As luxury enthusiasts and jewelry connoisseurs seek to come in possession of the most exclusive and coveted pieces, the interest surrounding fancy pink diamonds continues to grow. With the recent closure of the renowned Argyle mine in Australia, a significant source of Pink diamonds, their scarcity has skyrocketed.
Pink Diamond’s Unparalleled Properties
The refractive index of a diamond is approximately 2.42. This high refractive index is one of the factors that contribute to the exceptional brilliance and sparkle that diamonds are renowned for. The high refractive index allows diamonds to bend and reflect light in a way that creates maximum dispersion and brilliance, resulting in their captivating play of light and fire. It is this unique optical property that sets diamonds apart from other gemstones and contributes to their timeless allure and desirability.
Diamonds are renowned for their exceptional hardness, ranking 10 on the Mohs scale, which is the highest possible rating. This remarkable property makes diamonds highly resistant to scratching and abrasion, ensuring their longevity and durability even with daily wear.
The hardness of a diamond contributes significantly to its value. Diamonds are prized for their ability to withstand the rigors of everyday use without losing their beauty or succumbing to damage. This durability ensures that diamond jewelry, such as engagement rings and heavily worn pieces, can be cherished forever and passed down through generations.
What About Other Pink Gemstones?
This pink gemstone is often used in jewelry for its vibrant color. Pink tourmaline can be found in various parts of the world, including Brazil, Afghanistan, Mozambique, and the United States. Each location may produce unique variations in color and quality, making it more complicated for the regular customer to understand how to measure and compare characteristics.
Tourmaline ranks 7 to 7.5 on the Mohs' scale of hardness, making it moderately durable, but relatively softer compared to Pink diamonds. With a refractive index between 1.624 and 1.644, pink tourmaline exhibits a good amount of brilliance and light dispersion.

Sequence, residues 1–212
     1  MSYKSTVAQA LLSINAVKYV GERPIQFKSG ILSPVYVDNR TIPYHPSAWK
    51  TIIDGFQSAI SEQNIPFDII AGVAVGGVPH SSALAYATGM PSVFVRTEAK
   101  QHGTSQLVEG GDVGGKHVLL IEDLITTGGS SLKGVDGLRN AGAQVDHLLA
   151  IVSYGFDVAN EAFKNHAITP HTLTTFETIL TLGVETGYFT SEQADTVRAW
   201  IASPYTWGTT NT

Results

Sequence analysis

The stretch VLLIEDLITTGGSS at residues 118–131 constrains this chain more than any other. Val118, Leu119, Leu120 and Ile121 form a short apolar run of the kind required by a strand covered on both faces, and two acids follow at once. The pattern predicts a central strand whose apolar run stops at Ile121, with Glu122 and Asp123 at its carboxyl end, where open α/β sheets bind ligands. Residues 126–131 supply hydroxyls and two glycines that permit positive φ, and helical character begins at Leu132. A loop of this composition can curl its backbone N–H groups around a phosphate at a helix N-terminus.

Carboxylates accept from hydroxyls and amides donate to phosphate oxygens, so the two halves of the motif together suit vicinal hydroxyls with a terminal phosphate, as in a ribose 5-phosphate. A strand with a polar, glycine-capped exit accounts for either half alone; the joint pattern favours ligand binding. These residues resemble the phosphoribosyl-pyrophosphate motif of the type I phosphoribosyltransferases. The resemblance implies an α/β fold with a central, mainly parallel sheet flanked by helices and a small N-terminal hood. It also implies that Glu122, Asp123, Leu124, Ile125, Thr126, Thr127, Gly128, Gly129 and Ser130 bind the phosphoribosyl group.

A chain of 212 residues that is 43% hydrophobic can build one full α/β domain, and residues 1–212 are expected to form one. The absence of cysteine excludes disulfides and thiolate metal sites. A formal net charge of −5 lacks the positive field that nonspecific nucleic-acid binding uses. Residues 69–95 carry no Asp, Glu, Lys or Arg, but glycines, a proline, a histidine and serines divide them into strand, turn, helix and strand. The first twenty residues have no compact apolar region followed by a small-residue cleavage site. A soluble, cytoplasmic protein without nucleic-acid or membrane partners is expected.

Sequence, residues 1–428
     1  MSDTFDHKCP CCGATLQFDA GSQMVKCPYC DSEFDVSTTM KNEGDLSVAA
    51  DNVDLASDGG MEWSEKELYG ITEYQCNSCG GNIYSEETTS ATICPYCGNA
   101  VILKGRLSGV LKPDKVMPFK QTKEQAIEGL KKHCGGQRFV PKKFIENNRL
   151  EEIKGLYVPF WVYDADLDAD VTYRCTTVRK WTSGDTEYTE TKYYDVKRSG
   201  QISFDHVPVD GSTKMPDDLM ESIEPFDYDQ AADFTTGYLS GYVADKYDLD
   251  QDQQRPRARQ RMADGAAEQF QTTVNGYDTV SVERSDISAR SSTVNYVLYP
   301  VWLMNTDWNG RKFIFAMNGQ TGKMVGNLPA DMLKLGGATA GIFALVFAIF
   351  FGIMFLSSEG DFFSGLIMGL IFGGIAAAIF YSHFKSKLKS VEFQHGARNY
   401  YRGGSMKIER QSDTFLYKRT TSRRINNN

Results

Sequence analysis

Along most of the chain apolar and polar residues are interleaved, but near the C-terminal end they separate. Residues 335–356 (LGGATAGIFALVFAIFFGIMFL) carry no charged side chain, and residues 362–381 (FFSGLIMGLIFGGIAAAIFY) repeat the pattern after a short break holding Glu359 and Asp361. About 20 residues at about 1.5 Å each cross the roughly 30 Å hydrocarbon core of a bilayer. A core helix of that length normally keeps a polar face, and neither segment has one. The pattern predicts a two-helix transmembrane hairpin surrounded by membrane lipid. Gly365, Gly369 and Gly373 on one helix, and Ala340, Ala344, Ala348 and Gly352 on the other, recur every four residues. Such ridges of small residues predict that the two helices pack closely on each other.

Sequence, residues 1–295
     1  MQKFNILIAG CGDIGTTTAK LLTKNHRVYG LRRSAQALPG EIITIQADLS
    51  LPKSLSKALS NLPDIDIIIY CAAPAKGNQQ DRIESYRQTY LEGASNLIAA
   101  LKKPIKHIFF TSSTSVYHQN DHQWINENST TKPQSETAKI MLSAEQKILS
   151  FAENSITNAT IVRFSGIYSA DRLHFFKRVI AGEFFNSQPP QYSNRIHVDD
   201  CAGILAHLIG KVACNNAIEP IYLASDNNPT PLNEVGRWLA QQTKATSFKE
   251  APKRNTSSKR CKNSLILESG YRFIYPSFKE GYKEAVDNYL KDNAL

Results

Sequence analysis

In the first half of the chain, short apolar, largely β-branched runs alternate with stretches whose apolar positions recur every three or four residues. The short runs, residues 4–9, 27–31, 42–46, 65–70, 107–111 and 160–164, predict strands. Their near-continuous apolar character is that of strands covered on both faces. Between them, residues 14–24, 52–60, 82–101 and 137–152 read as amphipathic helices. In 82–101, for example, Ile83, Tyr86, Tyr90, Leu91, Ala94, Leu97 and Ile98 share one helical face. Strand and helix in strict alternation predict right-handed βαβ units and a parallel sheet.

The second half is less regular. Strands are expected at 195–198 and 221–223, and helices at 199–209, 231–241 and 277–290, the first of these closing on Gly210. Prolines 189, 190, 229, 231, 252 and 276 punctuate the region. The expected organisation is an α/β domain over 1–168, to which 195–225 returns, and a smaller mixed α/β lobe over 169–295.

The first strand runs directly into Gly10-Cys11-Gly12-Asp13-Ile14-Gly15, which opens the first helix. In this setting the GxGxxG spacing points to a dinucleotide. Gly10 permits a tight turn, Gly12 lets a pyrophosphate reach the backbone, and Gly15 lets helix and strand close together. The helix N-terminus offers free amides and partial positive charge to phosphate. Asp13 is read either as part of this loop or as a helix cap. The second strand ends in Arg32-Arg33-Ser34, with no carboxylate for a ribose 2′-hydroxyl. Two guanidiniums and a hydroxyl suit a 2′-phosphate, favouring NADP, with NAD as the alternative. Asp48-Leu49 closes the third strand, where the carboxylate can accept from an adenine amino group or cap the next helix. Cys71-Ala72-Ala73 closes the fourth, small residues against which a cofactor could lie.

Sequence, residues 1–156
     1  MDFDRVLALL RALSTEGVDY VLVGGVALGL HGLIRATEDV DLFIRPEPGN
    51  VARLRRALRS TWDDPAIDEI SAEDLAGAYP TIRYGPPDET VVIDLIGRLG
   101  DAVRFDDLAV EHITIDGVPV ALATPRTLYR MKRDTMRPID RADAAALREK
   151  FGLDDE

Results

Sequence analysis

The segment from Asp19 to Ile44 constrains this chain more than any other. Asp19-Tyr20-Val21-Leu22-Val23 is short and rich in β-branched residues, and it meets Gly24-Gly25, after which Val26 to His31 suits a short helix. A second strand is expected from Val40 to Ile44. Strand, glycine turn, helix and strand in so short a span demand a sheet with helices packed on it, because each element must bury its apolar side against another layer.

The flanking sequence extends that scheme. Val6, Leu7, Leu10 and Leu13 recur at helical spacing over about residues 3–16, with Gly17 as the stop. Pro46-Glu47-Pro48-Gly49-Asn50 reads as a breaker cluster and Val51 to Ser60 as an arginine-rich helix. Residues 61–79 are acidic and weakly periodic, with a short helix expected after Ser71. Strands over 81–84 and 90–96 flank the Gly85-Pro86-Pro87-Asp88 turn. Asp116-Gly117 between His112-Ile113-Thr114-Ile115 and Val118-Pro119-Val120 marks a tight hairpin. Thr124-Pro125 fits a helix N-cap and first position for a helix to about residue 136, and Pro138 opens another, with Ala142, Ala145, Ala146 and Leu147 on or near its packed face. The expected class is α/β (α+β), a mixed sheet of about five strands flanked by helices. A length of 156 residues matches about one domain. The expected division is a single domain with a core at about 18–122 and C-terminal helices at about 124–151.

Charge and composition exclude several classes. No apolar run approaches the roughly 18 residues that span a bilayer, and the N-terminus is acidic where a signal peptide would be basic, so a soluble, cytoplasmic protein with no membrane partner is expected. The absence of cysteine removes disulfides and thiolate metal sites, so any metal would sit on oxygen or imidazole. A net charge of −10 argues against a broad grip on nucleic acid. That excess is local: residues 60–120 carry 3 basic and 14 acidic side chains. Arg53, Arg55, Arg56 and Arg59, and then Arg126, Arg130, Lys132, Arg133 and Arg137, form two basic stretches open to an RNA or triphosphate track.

This mineral showcases a soft, delicate pink hue that does not typically offer much sparkle. There are multiple levels of transparency available, from very translucent to milky opaque or smoky with yellow or brown undertones.
Scoring a 7 on the Mohs scale, pink quartz is relatively durable and suitable for some types of jewelry. However, it is still important to protect it from impact, and best suitable for earrings and low-wear pieces.
The intensity of its color depends on the place of origin and the combination of trace elements present within its crystal structure.
With a hardness of 9 on the Mohs scale, pink sapphires are very durable and resistant, making them suitable for all kinds of jewelry pieces. However, they are more prone to scratches than diamonds.
Kunzite is quite affordable because it’s relatively unknown although it can be found in many places like Afghanistan, Brazil, Madagascar, and the USA.
Like most color stones, kunzite can be undergo irradiation or heat treatments to enhance its color. Exposure to heat and bright light can cause color in both natural and treated kunzite to fade over time.
Most morganite deposits are found in Brazil, but the highest quality specimens come from Madagascar. Typically, morganite enjoys a high transparency with minimal inclusions resulting in clear, polished stones.
Scoring a 7.5 to 8 on the Mohs scale, Morganite is safe and durable enough for jewelry.
Your Best Choice: Pink Diamonds
There are multiple options to choose from to create a jewel with pink gemstones. However, they all fall short when compared to the durability and brilliance of natural Pink diamonds. With sources becoming more scarce while demand continues grows, Pink diamonds keep appreciating in value making them a better financial choice when compared to other gemstones which tend to loose value in the resale marker. Pink diamonds present multiple advantages for their investment potential and as a valuable asset to be passed on for generations.
When purchasing color gemstones, it’s important the buyer requests a professional laboratory report that discloses any enhancements to make an informed decision. Unfortunately for most consumers, it’s hard to find full-detailed information on a finished jewelry piece and it requires additional effort and inquiries to confirm the quality of a gemstone.
Langerman Diamonds has over 50 years of expertise in sourcing and trading natural color diamonds. Explore our online inventory and contact us to learn more about the purchasing process.